Getting the minimum of a dynamic set
1. INITIAL FORMULATION We are given a set S of integers that changes dynamically over time, with the following operations on the set: insert: An integer that is not a duplicate of any current member is added to S. delete: A current member of the set is deleted. getmin: The value of the smallest integer in the set is returned. There is some number N such that it is guaranteed that the size of S will never be greater than N. Other than that the probability of inserts and deletes is equal. It is desired that the information about the set be organized so that: (a) the amortized cost of inserts, deletes, and getmins is O(1) 2. ADDITIONAL ASSUMPTIONS (1) The integers in S are machine representable, i.e., there is an IMAX such that all members of S are less than IMAX. (2) The integers inserted are all randomly drawn from the same probability distribution. This is a stronger assumption than is necessary, but it simplifies analysis. (3) All members of the set are equally likely to be deleted. This is a very important assumption; if, for example, the smallest element is always deleted, we get a completely different task. (4) The size of S over time has a mean value n, n<N. Again, this is a stronger assumption than necessary, but it simplifies analysis. (5) The process has a finite duration, bounded by TMAX inserts. The duration is "long", i.e. TMAX >> N. 3. REFINEMENT OF REQUIREMENTS (1) The worst case cost of an operation need not be O(1). If this is not the case then the best that can be done is some combination of O(log n) and O(1), e.g., insert and delete costs are O(log n) and getmin cost is O(1). (2) There is no significant likelihood that the worst case will occur. (3) The amortized cost of each operation should be minimized, i.e., we are looking for a (nearly) optimal solution. 4. DATA STRUCTURES FOR S There are at least three obvious methods for storing the set - using a hash table, using a trie, and using a bit vector. Hash tables are convenient, reasonably economical in storage usage, and are easily programmed. The disadvantages are (a) they have a bad worst case search cost, and (b) the cost of computing hash indices can be significant. Tries (convert the integer into a byte sequence) are also easily programmed and have a fixed cost for inserts and deletes. However they tend to be relatively expensive in terms of storage cost. Using a bit vector is the simplest and most efficient method; however it can only be used if IMAX is "reasonable". For example, if IMAX is 2**16 then the bit vector would consist of 2048 32 bit words; if IMAX is 2**32, then the bit vector would be a 2 Gigabyte monster. Which method to use is an implementation issue. 5. THE NAIVE GETMIN ALGORITHM The naive algorithm is to store the current minimum value. If a value smaller than the current minimum is inserted then it becomes the new current minimum value. If the minimum value is deleted then the entire set is scanned to determine the minimum of the remaining values. Evidently the getmin cost is O(1). The cost of determining the minimum after a delete of the current minimum is O(n). However this deletion only occurs in 1/n of the deletes, so the amortized cost of deletes is O(1). The naive getmin algorithm meets the initial requirements; however it would be desirable if the rescanning could be either eliminated or be made unlikely. There are two obvious alternatives for reducing the likelihood of rescanning: using a trie, and keeping a set of small values. Finding the minimum when the values are stored in a trie is a bounded cost. A trie may well be the best choice if guaranteed bounded costs are required. It will not considered further here. 6. THE SUBSET OF SMALL VALUES ALGORITHM The root idea here is to keep a subset S' of the smallest values of S; to get the minimum of S we need only to find the minimum of S'. There are several variations of this root idea; the simplest is to keep at most M values for some fixed M. As long as there are less than m values in our subset we can insert elements into it. If the subset is full (has M elements) then we discard the largest when there is an insertion of a "small" value. Conversely, if the subset becomes empty we scan the entire suite of elements to find the new subset of M smallest values. The thought is that it will be unlikely that we ever need to scan the entire suite if m is large enough. There remains the question of determining whether a newly inserted value should be added to S'. The method considered here is to record the maximum, S'_MAX, of S' when it is full (has M items) and use it as a test value, only adding items to S' that are smaller than S'_MAX. The algorithm then is: Initialization of S': Initially insert and delete items into S' until it becomes full (has M entries). Record S'_MAX. Thereafter: Inserts: Check whether the item is less the current S'_MAX. If not, store it in general storage. If it is add it to S' and increment the size, m, of S'. If m>M then we move the current maximum of S' to general storage, and scan S' for a new S'_MAX. Also, if the new item is less than the current minimum then it replaces the current minimum. Deletes: Check whether the item is in S'; if it is not, simply delete it. If it is in S' and it is not the current minimum, simply delete it from S' and decrement the size of S'. If it is the current minimum and m, the size of S', is greater than 1, delete it, decrement the size of S', and scan S' for the new minimum. Finally, if m=1, i.e., we are deleting the last member of S', then we scan all of S to get the m smallest entries and use them to form a new S'. Under the assumption that the distribution of inserted items comes from a well defined probability distribution, there will be some value M_TEST such that if there are n items in S, then there will be M items in S' on average. S'_MAX is an estimate of M_TEST. 7. ANALYSIS OF PERFORMANCE The amortized costs of inserts, deletes, and getmins are all O(1) with a worst case for deletes of O(n). There remains the question of how likely it is for it to be necessary to rescan the entire set, S, given a subset size, M. Suppose that at a given moment in time there are k members in S', k <= M. Suppose further that there are n members in S. Let t(k) be the expected time (where time is measured as the number of inserts and deletes) that S' is unchanged. During a course of 2n events (n inserts, n deletes) we can expect M inserts and k deletes. Then we have t(k) = 2n/(M+k). Over time the number of elements in S' will go up or down until it either overflows or underflows. Let T(k) be the total time (on average) in which there are k members in S'. We have T(k) = t(k) + (M/(M+k-1))*T(k-1) + ((k+1)/(M+k+1))*T(k+1) (2 < k < M) T(M) = t(M) + (M/(2M-1))*T(M-1) T(1) = t(2) + (2/(M+2))*T(2) The average lifetime of S' before an underflow or overflow is SUM = sum(T(k), K=1...M). Most "failures" will be overflows which have a cost of at most M. The average lifetime of S' before an underflow is: T_U = SUM*(T(M)/2 + T(1)/(M+1))/(T(1)/(M+1)) The recurrence equations are easily solved. The following table lists SUM/n and T_U/n for various values of M. M SUM/n T_U/n 2 1.39 3.55 3 2.77 9.48 4 4.56 22.24 5 6.60 48.02 6 8.77 96.70 7 10.97 181.75 8 13.16 318.50 9 15.36 521.29 10 17.58 801.59 15 28.97 3664.51 20 41.06 9875.70 25 53.76 20893.85 30 66.99 38266.69 40 94.74 98550.09 50 123.90 204157.76 60 154.21 369176.35 70 185.50 608220.03 80 217.65 936344.59 90 250.54 1368985.88 100 284.11 1921913.55 200 646.78 17718911.07 500 1893.83 326620455.63 1000 4225.63 2922059700.00 If we desire M to be large enough so that it is unlikely that there be an underflow then we need to pick it so that T_U > TMAX. Given the rate of growth of T_U as a function of M, it doesn't need to be much larger.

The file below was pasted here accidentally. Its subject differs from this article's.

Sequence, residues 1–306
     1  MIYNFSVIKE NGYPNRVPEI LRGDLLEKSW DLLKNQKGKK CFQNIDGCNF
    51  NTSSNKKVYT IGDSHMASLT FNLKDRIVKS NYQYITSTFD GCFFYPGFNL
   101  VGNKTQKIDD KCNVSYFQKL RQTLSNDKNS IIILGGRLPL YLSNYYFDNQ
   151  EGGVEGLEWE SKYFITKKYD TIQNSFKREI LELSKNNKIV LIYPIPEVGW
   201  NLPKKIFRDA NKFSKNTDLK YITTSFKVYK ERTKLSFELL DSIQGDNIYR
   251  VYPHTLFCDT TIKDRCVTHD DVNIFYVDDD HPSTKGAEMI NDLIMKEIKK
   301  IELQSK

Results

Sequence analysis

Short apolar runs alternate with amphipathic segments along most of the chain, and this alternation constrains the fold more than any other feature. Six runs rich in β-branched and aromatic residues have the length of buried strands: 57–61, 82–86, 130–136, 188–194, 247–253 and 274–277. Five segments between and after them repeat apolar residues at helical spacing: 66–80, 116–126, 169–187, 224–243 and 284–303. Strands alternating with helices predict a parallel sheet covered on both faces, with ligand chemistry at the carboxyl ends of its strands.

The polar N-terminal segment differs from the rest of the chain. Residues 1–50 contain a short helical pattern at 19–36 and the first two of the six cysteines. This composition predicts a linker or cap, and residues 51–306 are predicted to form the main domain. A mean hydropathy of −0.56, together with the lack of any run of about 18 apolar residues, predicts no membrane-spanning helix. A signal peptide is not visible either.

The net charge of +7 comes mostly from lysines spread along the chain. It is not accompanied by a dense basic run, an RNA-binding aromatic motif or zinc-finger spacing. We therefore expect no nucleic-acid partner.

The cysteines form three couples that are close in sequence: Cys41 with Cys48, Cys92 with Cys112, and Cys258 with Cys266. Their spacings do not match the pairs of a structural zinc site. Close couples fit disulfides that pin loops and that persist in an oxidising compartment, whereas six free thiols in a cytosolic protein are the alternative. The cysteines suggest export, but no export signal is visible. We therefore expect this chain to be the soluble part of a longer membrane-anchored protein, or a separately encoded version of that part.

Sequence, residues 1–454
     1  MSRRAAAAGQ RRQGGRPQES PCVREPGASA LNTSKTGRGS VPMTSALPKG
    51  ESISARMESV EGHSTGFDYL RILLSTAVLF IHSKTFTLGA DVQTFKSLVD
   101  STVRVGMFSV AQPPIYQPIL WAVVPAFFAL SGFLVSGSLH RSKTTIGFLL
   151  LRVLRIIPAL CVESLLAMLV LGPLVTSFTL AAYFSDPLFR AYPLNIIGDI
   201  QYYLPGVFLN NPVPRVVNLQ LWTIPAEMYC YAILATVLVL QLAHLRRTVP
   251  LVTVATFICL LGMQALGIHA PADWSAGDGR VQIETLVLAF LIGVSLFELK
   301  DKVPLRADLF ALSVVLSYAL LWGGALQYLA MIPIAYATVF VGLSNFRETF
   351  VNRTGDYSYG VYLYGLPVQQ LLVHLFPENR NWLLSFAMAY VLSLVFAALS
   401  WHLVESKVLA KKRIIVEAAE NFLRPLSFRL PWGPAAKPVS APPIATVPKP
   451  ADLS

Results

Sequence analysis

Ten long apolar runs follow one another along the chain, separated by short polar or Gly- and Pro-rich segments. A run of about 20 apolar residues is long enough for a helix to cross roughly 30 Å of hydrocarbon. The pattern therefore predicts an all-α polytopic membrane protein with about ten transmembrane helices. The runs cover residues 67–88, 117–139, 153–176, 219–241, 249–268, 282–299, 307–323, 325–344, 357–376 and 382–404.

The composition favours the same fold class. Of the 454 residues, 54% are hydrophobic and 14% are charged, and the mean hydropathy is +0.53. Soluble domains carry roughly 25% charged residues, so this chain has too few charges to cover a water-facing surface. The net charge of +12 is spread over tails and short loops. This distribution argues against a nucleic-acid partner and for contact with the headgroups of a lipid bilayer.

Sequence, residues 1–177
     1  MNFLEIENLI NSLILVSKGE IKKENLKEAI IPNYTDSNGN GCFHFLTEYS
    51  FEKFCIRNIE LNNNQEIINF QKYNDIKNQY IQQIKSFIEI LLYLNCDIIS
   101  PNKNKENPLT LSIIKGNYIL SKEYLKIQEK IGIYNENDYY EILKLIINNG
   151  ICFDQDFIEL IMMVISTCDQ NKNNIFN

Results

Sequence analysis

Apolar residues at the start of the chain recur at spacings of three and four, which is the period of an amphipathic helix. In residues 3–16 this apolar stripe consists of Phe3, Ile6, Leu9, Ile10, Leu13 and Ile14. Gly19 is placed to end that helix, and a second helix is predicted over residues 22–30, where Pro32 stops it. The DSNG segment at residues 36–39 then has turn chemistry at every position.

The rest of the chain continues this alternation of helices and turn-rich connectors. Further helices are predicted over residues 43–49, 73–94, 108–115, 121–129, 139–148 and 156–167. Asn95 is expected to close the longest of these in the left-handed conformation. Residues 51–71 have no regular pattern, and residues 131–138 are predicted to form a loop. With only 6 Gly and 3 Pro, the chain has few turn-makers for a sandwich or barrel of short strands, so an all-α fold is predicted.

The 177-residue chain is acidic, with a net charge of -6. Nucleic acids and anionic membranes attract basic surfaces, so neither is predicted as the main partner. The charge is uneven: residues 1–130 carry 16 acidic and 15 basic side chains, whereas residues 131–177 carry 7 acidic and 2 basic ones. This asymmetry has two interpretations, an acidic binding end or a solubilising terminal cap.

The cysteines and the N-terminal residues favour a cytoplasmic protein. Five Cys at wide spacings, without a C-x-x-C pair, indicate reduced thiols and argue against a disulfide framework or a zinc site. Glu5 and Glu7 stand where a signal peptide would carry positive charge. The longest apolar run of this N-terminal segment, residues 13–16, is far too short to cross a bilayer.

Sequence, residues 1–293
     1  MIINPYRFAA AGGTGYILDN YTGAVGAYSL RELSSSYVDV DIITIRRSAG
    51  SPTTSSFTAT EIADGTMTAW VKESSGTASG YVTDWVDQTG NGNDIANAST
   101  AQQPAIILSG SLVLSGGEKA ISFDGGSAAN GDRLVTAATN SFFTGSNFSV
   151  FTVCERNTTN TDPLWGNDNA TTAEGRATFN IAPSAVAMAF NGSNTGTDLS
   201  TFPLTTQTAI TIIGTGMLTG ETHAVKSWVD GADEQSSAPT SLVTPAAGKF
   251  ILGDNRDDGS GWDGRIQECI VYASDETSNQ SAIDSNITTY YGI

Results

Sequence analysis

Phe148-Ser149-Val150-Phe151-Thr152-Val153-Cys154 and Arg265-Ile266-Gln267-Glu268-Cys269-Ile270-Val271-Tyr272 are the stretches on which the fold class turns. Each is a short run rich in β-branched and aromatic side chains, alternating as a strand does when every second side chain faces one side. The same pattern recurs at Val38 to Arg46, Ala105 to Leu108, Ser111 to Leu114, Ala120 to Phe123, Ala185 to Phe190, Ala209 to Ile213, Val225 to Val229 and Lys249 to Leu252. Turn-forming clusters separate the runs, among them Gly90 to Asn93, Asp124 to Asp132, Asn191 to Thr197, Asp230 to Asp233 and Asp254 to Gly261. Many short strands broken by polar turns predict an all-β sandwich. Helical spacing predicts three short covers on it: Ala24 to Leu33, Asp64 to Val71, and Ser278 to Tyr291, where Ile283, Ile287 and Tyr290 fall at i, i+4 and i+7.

This page was last updated January 1, 2004.